Musical chips

A computer wearing a bow tie performed two piano works by the Hungarian Gyorgy Ligeti. Sibelius 7 reads music, transforming it into electrical impulses that power pistons to depress keys on a piano. Paul Patterson, head of composition at the Royal Academy of Music, says Sibelius 7 will advance music by enabling composers to write pieces that are impossible to play. He quoted the pianist Alfred Brendel, who once said that Ligeti's music needed five hands. "This, of course, cuts out a number of very good performers," Mr Patterson noted.

Musical pees

A Dutch inventor, Wim van Vugt, has produced a battery-operated nappy that plays a tune when wet.

No toothpick ban

Complaints from the public in South Korea have led to the reversal of a ban on toothpicks in restaurants. The ban was announced following reports of pigs suffering after eating toothpick-polluted leftovers.

Garden nose

The 24ft-long, 5ft-high nose from a prototype of Concorde was sold at auction for £36,700. The buyer, Mr Azima, plans to install it in his garden in Kansas City.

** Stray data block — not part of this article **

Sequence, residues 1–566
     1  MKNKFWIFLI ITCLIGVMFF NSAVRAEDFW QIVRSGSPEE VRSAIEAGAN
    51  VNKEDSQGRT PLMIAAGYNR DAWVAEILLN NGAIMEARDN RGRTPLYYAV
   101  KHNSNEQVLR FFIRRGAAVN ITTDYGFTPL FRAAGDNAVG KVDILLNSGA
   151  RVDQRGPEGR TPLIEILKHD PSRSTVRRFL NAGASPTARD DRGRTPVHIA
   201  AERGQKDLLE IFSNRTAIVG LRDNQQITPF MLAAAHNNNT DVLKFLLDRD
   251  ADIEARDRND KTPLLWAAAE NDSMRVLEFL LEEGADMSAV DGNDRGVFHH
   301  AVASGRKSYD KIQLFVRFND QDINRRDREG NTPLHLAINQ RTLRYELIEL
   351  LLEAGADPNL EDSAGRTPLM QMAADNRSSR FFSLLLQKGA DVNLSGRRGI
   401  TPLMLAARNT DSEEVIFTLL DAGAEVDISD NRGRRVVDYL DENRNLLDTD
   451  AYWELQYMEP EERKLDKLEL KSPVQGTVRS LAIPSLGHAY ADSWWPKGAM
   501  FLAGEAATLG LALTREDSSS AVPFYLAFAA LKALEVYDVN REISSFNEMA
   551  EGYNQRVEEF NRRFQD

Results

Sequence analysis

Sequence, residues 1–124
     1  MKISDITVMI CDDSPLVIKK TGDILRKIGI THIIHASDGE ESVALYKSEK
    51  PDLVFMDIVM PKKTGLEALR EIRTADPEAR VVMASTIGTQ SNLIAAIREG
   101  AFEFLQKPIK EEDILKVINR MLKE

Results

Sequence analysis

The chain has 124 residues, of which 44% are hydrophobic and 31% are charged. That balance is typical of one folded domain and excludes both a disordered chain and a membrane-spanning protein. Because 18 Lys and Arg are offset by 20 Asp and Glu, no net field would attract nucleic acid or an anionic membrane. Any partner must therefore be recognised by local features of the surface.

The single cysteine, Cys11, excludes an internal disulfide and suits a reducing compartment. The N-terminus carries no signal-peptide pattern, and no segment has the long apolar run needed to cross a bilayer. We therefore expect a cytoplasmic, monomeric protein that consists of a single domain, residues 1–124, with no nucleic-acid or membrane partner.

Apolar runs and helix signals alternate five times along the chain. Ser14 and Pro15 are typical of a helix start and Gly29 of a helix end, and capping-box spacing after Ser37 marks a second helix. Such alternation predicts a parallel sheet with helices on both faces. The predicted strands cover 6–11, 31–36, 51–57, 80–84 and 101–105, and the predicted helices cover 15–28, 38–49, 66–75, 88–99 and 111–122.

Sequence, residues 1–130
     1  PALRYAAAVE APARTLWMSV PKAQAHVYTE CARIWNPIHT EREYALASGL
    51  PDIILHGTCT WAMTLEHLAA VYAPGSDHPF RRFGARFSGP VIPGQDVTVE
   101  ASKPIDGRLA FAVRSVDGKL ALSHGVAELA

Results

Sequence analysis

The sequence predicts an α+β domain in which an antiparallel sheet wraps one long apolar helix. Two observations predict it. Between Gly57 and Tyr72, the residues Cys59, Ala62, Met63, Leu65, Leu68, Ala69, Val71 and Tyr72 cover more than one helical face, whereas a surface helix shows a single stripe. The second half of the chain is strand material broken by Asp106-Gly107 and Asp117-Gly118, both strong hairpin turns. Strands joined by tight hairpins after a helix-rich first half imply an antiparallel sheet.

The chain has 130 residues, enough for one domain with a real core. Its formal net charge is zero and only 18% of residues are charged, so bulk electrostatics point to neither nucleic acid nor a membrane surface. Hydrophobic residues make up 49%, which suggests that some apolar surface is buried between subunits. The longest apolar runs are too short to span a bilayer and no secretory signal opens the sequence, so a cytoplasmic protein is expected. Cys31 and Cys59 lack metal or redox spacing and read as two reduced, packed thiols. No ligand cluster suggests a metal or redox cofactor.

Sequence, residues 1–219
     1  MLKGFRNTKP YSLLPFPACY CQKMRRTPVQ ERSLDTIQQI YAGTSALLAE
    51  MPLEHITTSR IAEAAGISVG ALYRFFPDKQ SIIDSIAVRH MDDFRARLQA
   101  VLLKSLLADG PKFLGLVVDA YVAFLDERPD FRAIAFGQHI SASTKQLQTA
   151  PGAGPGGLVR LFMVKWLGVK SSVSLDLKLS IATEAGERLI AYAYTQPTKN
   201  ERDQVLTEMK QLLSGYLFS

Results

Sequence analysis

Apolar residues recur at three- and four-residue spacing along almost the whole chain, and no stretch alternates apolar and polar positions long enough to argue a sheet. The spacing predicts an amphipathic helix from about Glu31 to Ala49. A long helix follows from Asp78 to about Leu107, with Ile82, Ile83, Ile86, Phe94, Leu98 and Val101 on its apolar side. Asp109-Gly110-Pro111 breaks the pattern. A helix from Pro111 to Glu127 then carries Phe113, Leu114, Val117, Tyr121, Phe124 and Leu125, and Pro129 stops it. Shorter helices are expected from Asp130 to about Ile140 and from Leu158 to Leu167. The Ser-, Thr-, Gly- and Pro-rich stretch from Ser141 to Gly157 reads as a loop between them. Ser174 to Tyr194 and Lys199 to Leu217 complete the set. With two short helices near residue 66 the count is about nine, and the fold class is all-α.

Waterloo revenged

A lock of Napoleon Bonaparte's hair fetched £3,680 at auction, while a lock of the Duke of Wellington's went to the same buyer for only £598.

Foot patrol

Australian police in Victoria are hunting a man who has entered 18 homes through unlocked windows or doors, has never stolen anything, but, says a police spokesperson: "sneaks in and tickles the feet of young children, mainly boys ... the guy obviously has a problem."

No fire in Kent

Two fire engines raced to an address in Kent after a man dialled 999 to report a dream about a house on fire that was so vivid it had to be real. A Kent Fire Brigade spokesman said: "We have to take all genuine calls seriously". The fire engines found no fire.